Craig Hignett assesses his budget at Hartlepool United
Craig Hignett’s focus at Hartlepool United this summer has been on ‘value for money’ as he looks to assemble a competitive squad while carefully managing his budget.
Hignett has been able to tie down the majority of last season’s squad with Scott Loach the only player offered a new deal to go elsewhere. The former United number 1 joined Barnet last month.
Carl Magnay’s future is still up in the air as he’s yet to agree a new deal at Pools though a move to National League North side Spennymoor Town is an option for the defender.
In addition, Pools have recruited six key targets, Nicke Kabamba, Michael Raynes, Ben Killip, Luke Molyneux, Gime Toure and most recently Gus Mafuta.
This has Hartlepool’s squad arguably looking stronger going into the 2019-20 season than it did last season – despite operating on a smaller budget.
“We’re never going to compete (financially) with the top paying sides in this league,” Hignett admitted.
“But that’s not a bad thing as it just means we have to be smarter and a little bit cuter with how we do things and how we try and recruit and bring players in. Maybe look at using the loan market to our advantage, but it has to be the right player.
“Every penny counts and I don’t want to waste any of the chairman’s money because he’s spent a lot of money getting the club back to a good level on an even keel and we want to build from that, I want to make sure I get value for money for everyone.
“We’re doing our homework on our signings and making sure we bring in people who are right for this club who are within our budget.”
This season, Pools’ playing budget is believed to be around £700,000 – roughly £200,000 fewer than last season’s reported budget which yielded a 16th place finish in the fifth tier.
With some of the money being touted around the National League in recent years, Hignett’s budget may restrict him with certain players. But it also lends itself to a pragmatic and frugal approach that can often breed success on the pitch.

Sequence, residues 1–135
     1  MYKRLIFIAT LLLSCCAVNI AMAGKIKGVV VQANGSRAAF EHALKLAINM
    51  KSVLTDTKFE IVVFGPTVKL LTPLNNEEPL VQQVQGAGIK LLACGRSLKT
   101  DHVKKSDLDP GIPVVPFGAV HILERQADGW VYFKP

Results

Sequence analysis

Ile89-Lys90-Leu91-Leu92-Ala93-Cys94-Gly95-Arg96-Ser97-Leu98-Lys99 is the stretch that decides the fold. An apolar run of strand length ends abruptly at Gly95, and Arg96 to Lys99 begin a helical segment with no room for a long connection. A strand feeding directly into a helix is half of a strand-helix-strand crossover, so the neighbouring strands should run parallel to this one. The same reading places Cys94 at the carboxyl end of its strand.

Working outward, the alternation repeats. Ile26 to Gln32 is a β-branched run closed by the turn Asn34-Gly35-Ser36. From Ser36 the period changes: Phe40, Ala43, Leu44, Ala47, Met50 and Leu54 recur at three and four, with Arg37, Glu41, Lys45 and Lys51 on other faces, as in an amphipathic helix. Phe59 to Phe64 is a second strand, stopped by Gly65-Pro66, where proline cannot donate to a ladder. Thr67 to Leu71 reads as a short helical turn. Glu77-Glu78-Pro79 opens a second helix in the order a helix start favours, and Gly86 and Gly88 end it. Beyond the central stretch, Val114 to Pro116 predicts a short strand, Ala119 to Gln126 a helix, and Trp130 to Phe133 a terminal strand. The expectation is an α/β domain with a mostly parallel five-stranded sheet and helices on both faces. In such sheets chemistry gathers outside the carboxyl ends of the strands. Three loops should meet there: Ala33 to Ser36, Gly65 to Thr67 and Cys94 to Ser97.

“Money doesn’t guarantee you’ll get out the league but I think it goes a long way to helping teams challenge for the play-off spots,” Hignett added.
“You look at Salford last year with the money they spent and they still only finished third – although they still went up!
“My budget is sensible, it’s what I’ve got and we’re working well with it.”
Pools currently have a fairly large squad of 20 senior outfield players following on from Mafuta’s arrival last Friday.
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And Hignett has suggested that in order to bring in more players, he may have to let some leave.
“We’ll have to see whether that will be it until the start,” continued the Hartlepool manager.
“I’ll be looking to run with a squad of around 18 to 20 outfield players and we’re right at the top end of that at the moment.
“There might be one or two of them who leave and one or two may come in. I’m sure we’ll start getting interest now pre-season has started but that’s something we’ll deal with when it comes.
“The main focus for us is getting the players ready and focused themselves and knowing exactly what is required of them this season and how they need to be positive and work as hard as you can and see where that takes us.”
While Pools’ budget is around average compared to other National League clubs, Hignett believes teams should be taking inspiration from sides who have been able to compete at the top end of the table despite having very little financial backing.
“There are teams who’ve done really well on small budgets,” said the 49-year-old.
“Macclesfield won the league with one of the smallest budgets in the league and last season Gateshead almost made the play-offs with 14 players and a non-existent budget.
“Macclesfield is slightly different because they’re in an unbelievably good location, they’re right in the middle of everything so they can easily attract southern players and players from Liverpool and Manchester. There are so many clubs around them and so many players who get released and can go to Macclesfield without moving.
“With Gateshead, it’s slightly different because they’re restricted by their location like we are so you have to have a look at what went on there. At the end they didn’t quite make it but you could probably put that down to what was going on off the pitch.
“But those are the teams you’ve got to look at because it can be done and our budget is still a lot bigger in comparison. I’m an optimist really, I’m looking at what could be and I want the players to be like that as well.
“There will be ups and downs in the season, there’s no doubt but it’s how you cope with that.
“I think I’ve got a really good squad who are all together and seem to be in a really good place where they work hard for each other and socialise together which I think is important.
“As long as they stick together, they’ll be alright.”